Wednesday, November 4, 2009




Kabaka Ronald Mutebi has called for a special session of Buganda’s parliament (Lukiiko) in which he is expected to rally his subjects behind the kingdom in its political contest against the central government.

The Lukiiko, which will meet on Monday, is the highest decision- making body in the kingdom. It comprises of elders, 18 county chiefs, ministers, youth and special interest groups’ representatives, delegates from districts and representatives from other communities in the kingdom.

Traditionally, the Kabaka addresses the Lukiiko once a year and last addressed its members on August 24 during the opening of its 17th session.

However, relations between Buganda Kingdom and the central government are at their lowest after the September riots that claimed 27 lives after the Kabaka was prevented from visiting Kayunga.

The kingdom’s radio station remains closed; several pro-Kabaka politicians are facing charges and President Museveni is pushing through amendments to the Land Bill opposed by Buganda.

Kingdom officials told Daily Monitor that the Kabaka would seek to use the special session of the Lukiiko to try and swing the pendulum of support among political and opinion leaders in Buganda back to the kingdom’s demands.

“Top on the agenda will be the blocking of the Kabaka from visiting to Kayunga, outcome of the talks between the Kabaka and the President well as his (Museveni) stand on federalism,” the clerk to Lukiiko, Mr David Ntege, told Daily Monitor yesterday.

MPs invited

“We have also invited all MPs and LC5 chairpersons from Buganda kingdom to attend this special session,” Mr Ntege added.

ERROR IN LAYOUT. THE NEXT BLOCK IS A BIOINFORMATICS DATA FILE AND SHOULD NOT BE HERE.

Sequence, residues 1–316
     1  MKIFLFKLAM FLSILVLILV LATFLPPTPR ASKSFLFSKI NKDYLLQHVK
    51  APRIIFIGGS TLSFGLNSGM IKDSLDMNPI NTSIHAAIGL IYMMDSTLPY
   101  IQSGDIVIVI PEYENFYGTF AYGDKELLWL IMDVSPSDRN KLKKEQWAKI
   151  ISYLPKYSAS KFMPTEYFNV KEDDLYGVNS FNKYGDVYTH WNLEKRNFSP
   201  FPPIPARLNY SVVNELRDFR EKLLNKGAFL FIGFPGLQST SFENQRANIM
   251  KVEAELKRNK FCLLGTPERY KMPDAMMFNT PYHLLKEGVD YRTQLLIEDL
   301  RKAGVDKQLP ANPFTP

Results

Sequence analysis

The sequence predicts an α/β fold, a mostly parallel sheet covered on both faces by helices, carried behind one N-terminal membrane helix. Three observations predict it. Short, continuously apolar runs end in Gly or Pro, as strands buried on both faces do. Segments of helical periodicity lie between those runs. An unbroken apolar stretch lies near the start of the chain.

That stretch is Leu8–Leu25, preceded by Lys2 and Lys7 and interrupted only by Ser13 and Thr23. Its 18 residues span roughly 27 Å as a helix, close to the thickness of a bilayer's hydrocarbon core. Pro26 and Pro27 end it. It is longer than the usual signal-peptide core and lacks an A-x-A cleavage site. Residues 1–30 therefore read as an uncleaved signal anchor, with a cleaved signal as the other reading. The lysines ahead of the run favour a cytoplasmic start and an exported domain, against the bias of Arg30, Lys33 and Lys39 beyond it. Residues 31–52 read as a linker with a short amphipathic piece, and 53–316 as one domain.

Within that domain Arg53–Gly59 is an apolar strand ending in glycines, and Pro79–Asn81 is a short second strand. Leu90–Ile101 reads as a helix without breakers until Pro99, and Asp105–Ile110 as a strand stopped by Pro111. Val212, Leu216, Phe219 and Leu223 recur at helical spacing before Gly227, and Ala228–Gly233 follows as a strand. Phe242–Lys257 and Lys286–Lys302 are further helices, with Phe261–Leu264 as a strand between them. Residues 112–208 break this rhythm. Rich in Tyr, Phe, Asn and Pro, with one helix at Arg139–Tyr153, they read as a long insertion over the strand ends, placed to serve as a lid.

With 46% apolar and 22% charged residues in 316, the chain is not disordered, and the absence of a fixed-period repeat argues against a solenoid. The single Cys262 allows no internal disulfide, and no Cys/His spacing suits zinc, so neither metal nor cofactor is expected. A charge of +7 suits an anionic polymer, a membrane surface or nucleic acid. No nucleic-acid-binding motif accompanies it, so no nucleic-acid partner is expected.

The Lukiiko will also discuss the proposed amendments to the Land Bill and the proposed expansion of the boundaries of Kampala City further into Buganda territory.

Officials at Mengo, the seat of Buganda Kingdom, criticise both plans as central government attempts to weaken the kingdom and grab its land.
The delayed reopening of the kingdom’s CBS radio will also form part of the discussions, according to Mr Ntege.

CBS was shut down during the September riots over allegations that it was inciting violence. Two out of three other radio stations closed at the same time over similar allegations have since been reopened (see story on page 3).

In the aftermath of the riots, President Museveni and the Kabaka met for the first time in four years to try and repair relations between the two leaders and the governments they lead and exchanged position papers on their differences.

President Museveni handed out an olive branch to the Kabaka earlier this week when he said he had no personal problem with the Kabaka but is only opposed to the cultural leader getting involved in partisan politics in disregard for the law.

While it is not clear whether the Kabaka will strike a similarly reconciliatory tone when the Lukiiko meets, Medard Ssegona, the deputy information minister at Mengo, said yesterday they would not withdraw their demands.

“We haven’t moved an inch as far as our demands are concerned,” he said. “The strategy is still the same and we are pushing on.”
Political observers will be keenly following Buganda’s 80 MPs, many of whom find themselves torn between kingdom and party. After MPs in the ruling NRM party caucus passed the amendments to the Land Bill, legislators from the Buganda Caucus – many of whom belong to the ruling party – later declared they were opposed to clauses in the Bill.

Buganda is the largest tribe in the country and its central location gives it political potency ahead of the next election in 2011.